Microsoft Enterprise Platforms Support: Windows Server Core Team
Now that you’ve decided to take the leap and migrate your Virtual Server 2005 R2 or Virtual PC environment to Windows Server 2008 Hyper-V; Welcome! I know you’re going to love it!
Some of the hurdles that you can run into may be a little worrisome, but we promise after you read through this, you’ll have the knowledge you will need to conceive a well thought out migration plan.
There are several step-by-step guides out there that walk you through the points and clicks needed to get the migration done, but the focus of this blog is to work through some of the steps that will help in the migration process. Here we go!
1. Before migrating Virtual Machines (VM)s from Virtual Server 2005 R2 SP1 or Virtual PC, you are going to want to make sure that the machines can take advantage of the Hyper-V Integration Services. Integration Services are software components that are installed in a guest running in a Hyper-V Child partition that allows the guest to more effectively integrate with the Parent partition and the hypervisor.
For example, that Windows-for-Workgroups 3.11 VM you’ve been nursing along won’t be able to take full advantage of the features in Hyper-V, however, these Operating Systems can:
Other OS’s can run in Hyper-V but they may not be able to take advantage of the Integration Services and will have to rely on legacy or 'emulated' device support. It is recommended that all pre-requisites (Service packs) be downloaded and installed before beginning the migration to Hyper-V.
2. Once you’ve determined which VMs you want to migrate, you will want to uninstall all VM Additions before migrating to Hyper-V.
If you do not remove the VM Additions before migrating to Hyper-V, you may have to move the virtual machine back to Virtual Server or Virtual PC to remove them. If you are running VM Additions which are at least version 13.813, then you will be able to uninstall them after migrating to Hyper-V. Earlier versions cannot be uninstalled from the virtual machine after it is migrated to hyper-V.
3. The next thing you may want to check is HAL compatibility. For example, this HAL is compatible:
An MPS Uniprocessor PC HAL is not, and would be upgraded when the Integrated Services are installed.
If you have a non-ACPI HAL in the VM, you may change it prior to the migration. By default, Hyper-V will install an APIC MP HAL when the Integration Services are installed in the Guest. If you choose to move the VM over to Hyper-V while it has a non ACPI HAL, you will be prompted to upgrade when you first start the installation of the ICs.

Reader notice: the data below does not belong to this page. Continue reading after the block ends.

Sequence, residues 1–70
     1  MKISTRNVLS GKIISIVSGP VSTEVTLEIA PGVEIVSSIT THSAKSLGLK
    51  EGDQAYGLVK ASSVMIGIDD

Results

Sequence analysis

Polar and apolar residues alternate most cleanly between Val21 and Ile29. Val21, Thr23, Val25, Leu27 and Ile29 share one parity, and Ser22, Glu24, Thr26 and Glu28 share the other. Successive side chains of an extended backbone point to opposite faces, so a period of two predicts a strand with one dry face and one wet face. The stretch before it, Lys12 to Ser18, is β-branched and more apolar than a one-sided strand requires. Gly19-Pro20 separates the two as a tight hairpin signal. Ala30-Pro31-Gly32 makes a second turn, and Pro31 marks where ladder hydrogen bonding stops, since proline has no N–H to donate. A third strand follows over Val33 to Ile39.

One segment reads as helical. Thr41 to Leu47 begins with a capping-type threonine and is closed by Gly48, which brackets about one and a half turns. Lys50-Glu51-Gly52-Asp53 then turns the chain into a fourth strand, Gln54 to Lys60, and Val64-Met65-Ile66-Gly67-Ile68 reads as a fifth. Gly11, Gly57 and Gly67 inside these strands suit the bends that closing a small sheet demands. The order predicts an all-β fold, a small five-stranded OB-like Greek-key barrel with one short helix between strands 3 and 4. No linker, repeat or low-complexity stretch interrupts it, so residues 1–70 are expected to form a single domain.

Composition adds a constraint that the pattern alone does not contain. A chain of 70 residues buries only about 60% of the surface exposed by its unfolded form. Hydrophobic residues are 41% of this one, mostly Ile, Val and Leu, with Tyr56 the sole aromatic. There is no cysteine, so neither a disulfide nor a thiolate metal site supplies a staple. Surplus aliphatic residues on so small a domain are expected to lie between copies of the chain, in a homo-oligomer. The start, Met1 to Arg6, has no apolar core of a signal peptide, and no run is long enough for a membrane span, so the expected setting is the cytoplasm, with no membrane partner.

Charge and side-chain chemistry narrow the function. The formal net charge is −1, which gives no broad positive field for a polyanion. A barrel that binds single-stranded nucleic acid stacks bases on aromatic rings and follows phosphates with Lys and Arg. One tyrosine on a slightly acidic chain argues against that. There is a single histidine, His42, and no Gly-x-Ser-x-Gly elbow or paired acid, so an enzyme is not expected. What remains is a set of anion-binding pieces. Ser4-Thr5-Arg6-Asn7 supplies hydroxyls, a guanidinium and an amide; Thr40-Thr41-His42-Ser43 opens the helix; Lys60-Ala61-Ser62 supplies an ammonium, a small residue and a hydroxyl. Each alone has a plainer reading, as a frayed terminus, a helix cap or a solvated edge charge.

Note: Keep in mind that changing the HAL in an OS will usually trigger an OS re-activation.
4. Another thing to keep in mind is what you plan on doing with the network adapter(s) installed in the VM. If you do not have a specific need to use the Intel 21140 NIC under Hyper-V, then you should also remove that device before migration.
If you do not remove this NIC, and then install the Integrated Services, everything will appear to work just fine, however, when you try to reset your static IP information using a new Synthetic NIC which is installed (provided all pre-requisites have been met (refer to Step #1),you may see the following error message:
If you encounter this scenario, follow the steps in this article and remove the old NIC. This will free up the settings to be used by the new NIC. http://support.microsoft.com/default.aspx?scid=kb;EN-US;269155
5. You must make some storage preparations as well. Since Hyper-V does not use Undo Disks (*.vud files), you must 'commit' or 'discard' them before migrating to Hyper-V. For information on Undo disks, visit http://technet.microsoft.com/en-us/library/cc720325.aspx.
Additionally, we suggest compacting any Dynamically Expanding VHDs. For more information on compacting virtual hard disks, visit - http://technet.microsoft.com/en-us/library/cc708317.aspx
Once all of the above steps have been completed, you are ready to physically move the VHD files to the Hyper-V server or a temporary location. Remember, only the VHD can be used by Hyper-V. All of the other files used by Virtual PC or Virtual Server are incompatible with Hyper-V.
Sean Dwyer Senior Support Engineer Microsoft Enterprise Platforms Support
Matthijs' blog blog post describes the VMC2HV tool you can use to only import your Virtual Server and
Windows 2000 SP4 is also an operating system wich is supported and can take advantage of the VMbus architecture.
migrated this OS to a hyper-V environment this week and i noticed it installed vmbus components for the network card and other devices.
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Hola, hay abundante información sobre este tema por ahí, pero intentaré "resumir"